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An Introduction to Java Enterprise Portals and Portlet Development

  • By Vlad Kofman
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Developing a Portlet

To begin, create a standard Java project. The first step in making it a portlet project is to create a portlet.xml file, which is a deployment descriptor that specifies what portlets are available for the container and which class should be used to instantiate them. However, the specification does not define how a portal registers and recognizes portlets.

Author's Note: For the examples in this article, I used the Java Spring framework, which provides some helpful utilities and container beans, to simplify some of the Portlet API plumbing. I also used the Eclipse IDE to set up the portlet project. However, any portlet developed according to the JSR 168 or JSR 286 specifications should be able to run on any compliant container, so you don't have to use the same technology to code and build the examples.

Figure 5 shows the structure for the sample portlet project.

Figure 5. Portlet Project Structure:
The figure shows the structure of the sample portlet project.

The portlet.xml file for the sample project defines a single portlet:

<?xml version="1.0" encoding="UTF-8"?>
<portlet-app xmlns=
        <title>Quick Search</title>

The preceding portlet.xml file specifies the contextConfigLocation as an initial parameter for the Spring class.

Listing 1 shows the sample Spring contextConfigLocation file:

The next step is to write some Java source to act as a controller, view, and handler for the portlet. The view is a JSP page, while the controller and handler are Java classes. For samples of these artifacts, please see the downloadable source, which contains a portlet skeleton project for this article.

The controller, with the handler class's help, fetches data from some data source, such as a web service, database, or feed. You can implement the mechanism to pass this data to the view via the command pattern, where commandObject is the carrier of information throughout the user portlet session.

For example, the following code is a skeleton that illustrates Portlet API methods to get data and return it to the view layer:

protected ModelAndView handleRenderRequestInternal(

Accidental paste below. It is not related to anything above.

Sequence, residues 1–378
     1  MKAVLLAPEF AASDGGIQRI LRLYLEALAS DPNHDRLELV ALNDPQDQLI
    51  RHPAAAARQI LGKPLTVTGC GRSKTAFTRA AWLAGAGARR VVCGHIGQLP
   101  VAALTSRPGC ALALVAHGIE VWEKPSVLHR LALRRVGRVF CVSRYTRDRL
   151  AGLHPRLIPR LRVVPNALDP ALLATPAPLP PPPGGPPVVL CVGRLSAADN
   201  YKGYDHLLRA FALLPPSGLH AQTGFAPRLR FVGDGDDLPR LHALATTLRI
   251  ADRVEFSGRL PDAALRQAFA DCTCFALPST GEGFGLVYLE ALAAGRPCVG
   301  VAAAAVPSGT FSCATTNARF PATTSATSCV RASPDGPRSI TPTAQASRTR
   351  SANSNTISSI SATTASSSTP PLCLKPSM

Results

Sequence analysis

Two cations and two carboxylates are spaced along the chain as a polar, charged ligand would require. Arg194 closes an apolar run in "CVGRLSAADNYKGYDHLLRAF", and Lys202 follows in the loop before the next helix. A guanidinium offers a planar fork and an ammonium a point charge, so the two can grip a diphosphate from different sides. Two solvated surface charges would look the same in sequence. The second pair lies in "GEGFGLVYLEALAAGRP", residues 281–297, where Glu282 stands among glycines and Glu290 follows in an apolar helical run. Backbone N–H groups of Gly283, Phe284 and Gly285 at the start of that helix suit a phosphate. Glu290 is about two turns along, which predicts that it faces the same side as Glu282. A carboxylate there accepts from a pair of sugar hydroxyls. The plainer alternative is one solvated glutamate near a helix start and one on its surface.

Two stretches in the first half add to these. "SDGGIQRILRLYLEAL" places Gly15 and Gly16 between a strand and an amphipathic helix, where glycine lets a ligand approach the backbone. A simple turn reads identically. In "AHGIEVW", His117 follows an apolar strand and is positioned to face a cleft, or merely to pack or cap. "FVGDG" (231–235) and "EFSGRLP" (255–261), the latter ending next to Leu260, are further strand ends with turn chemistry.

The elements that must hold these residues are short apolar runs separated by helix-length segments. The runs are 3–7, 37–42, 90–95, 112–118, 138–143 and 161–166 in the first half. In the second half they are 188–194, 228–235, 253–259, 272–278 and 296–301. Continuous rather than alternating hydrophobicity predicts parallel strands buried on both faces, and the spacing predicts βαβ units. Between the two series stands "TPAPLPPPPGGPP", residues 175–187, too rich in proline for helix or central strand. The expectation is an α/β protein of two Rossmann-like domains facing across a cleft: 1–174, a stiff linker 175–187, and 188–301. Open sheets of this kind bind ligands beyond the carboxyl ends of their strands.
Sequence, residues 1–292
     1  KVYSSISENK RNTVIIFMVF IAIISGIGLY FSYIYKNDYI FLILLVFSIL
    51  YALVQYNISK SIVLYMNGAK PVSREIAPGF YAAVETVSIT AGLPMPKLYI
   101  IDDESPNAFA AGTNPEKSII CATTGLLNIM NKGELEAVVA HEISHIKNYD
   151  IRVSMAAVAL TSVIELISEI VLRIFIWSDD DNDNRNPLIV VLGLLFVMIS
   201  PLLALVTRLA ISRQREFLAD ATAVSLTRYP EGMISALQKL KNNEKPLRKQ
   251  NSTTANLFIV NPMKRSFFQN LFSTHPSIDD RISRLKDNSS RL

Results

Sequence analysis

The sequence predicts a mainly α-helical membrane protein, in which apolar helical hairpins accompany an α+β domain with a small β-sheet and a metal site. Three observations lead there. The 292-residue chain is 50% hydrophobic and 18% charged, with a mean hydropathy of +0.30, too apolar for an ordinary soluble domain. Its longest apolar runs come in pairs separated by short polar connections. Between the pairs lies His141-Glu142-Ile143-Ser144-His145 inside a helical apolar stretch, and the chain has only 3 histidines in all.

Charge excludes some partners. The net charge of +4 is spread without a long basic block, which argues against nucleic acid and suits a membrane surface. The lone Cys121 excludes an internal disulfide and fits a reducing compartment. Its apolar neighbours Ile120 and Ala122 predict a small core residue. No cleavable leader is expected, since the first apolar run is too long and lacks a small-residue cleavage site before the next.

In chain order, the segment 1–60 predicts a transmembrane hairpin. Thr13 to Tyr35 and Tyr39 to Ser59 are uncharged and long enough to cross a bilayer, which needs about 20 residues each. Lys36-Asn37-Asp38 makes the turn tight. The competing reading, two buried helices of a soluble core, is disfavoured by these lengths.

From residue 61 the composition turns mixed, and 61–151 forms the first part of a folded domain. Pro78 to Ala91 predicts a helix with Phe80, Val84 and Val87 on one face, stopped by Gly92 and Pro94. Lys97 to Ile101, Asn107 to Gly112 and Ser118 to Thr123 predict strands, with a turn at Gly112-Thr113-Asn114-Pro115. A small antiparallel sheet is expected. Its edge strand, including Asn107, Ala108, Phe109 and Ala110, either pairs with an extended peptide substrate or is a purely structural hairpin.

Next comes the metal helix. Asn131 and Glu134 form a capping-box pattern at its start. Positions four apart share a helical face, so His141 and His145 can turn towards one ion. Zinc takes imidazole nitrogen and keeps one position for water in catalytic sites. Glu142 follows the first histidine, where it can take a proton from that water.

RenderRequest request, RenderResponse response) throws Exception 
   logger.info ("Inside Controller handleRenderRequestInternal");      
   Map<String, CommandObject> model = new 
     HashMap<String, CommandObject>();   
   CommandObject commandObject = 
   if (commandObject == null){
      commandObject = new CommandObject();
   // logic to get the data and put it in the commandObject 
   // should be here...
   String view = getFormView();
   model.put("commandObject", commandObject);
   ModelAndView mav = new ModelAndView(view, model);
   return mav;  
public void onSubmitAction (final ActionRequest request, 
  final ActionResponse response, final Object command,
  final BindException bindException) throws Exception 
   logger.info ("Inside onSubmitAction");
   // Set the form bean into session so that it will be available 
   CommandObject commandObject = (CommandObject)command;
   logger.info("Command Object :"+ToStringBuilder.reflectionToString(
   request.getPortletSession ().setAttribute ("command_obj", 

From the JSP, you can retrieve the data as follows:

<form:form action="${formAction}" name="quickProcess" 
   method="post" commandName="commandObject">    
  <form:hidden path="p" id="p" />
  <c:if test="${commandObject.someList != null}">
    <c:forEach items="${commandObject.someList}" 
      var="listItem" varStatus="loop">              
      <c:out value="${listItem.name}"/><br>            

Figure 6. Adding a Portlet in Vignette:
In Vignette Portal Server, you can list portlets to add them.

Note that the portlet does not specify how it should be laid out on the screen, whether it can be resized, or what width and height it should have. The portlet container controls all these external properties.